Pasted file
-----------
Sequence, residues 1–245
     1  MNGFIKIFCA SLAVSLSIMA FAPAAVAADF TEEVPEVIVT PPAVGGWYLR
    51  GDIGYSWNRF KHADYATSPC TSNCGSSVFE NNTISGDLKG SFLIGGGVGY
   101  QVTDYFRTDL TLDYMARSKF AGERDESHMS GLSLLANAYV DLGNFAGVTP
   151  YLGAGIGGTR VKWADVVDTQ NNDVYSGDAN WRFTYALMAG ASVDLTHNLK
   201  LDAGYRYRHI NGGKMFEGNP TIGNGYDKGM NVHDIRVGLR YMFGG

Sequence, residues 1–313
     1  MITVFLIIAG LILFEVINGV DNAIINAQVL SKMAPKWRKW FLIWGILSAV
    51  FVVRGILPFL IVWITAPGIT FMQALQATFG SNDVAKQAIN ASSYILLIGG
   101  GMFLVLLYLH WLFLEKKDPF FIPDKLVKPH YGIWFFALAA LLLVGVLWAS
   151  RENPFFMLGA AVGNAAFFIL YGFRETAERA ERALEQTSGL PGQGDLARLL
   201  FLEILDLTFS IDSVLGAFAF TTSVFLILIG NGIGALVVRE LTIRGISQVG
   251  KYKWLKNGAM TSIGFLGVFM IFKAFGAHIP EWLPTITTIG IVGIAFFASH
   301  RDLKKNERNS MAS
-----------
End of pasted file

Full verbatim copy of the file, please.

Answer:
Sequence, residues 1–245
     1  MNGFIKIFCA SLAVSLSIMA FAPAAVAADF TEEVPEVIVT PPAVGGWYLR
    51  GDIGYSWNRF KHADYATSPC TSNCGSSVFE NNTISGDLKG SFLIGGGVGY
   101  QVTDYFRTDL TLDYMARSKF AGERDESHMS GLSLLANAYV DLGNFAGVTP
   151  YLGAGIGGTR VKWADVVDTQ NNDVYSGDAN WRFTYALMAG ASVDLTHNLK
   201  LDAGYRYRHI NGGKMFEGNP TIGNGYDKGM NVHDIRVGLR YMFGG

Sequence, residues 1–313
     1  MITVFLIIAG LILFEVINGV DNAIINAQVL SKMAPKWRKW FLIWGILSAV
    51  FVVRGILPFL IVWITAPGIT FMQALQATFG SNDVAKQAIN ASSYILLIGG
   101  GMFLVLLYLH WLFLEKKDPF FIPDKLVKPH YGIWFFALAA LLLVGVLWAS
   151  RENPFFMLGA AVGNAAFFIL YGFRETAERA ERALEQTSGL PGQGDLARLL
   201  FLEILDLTFS IDSVLGAFAF TTSVFLILIG NGIGALVVRE LTIRGISQVG
   251  KYKWLKNGAM TSIGFLGVFM IFKAFGAHIP EWLPTITTIG IVGIAFFASH
   301  RDLKKNERNS MAS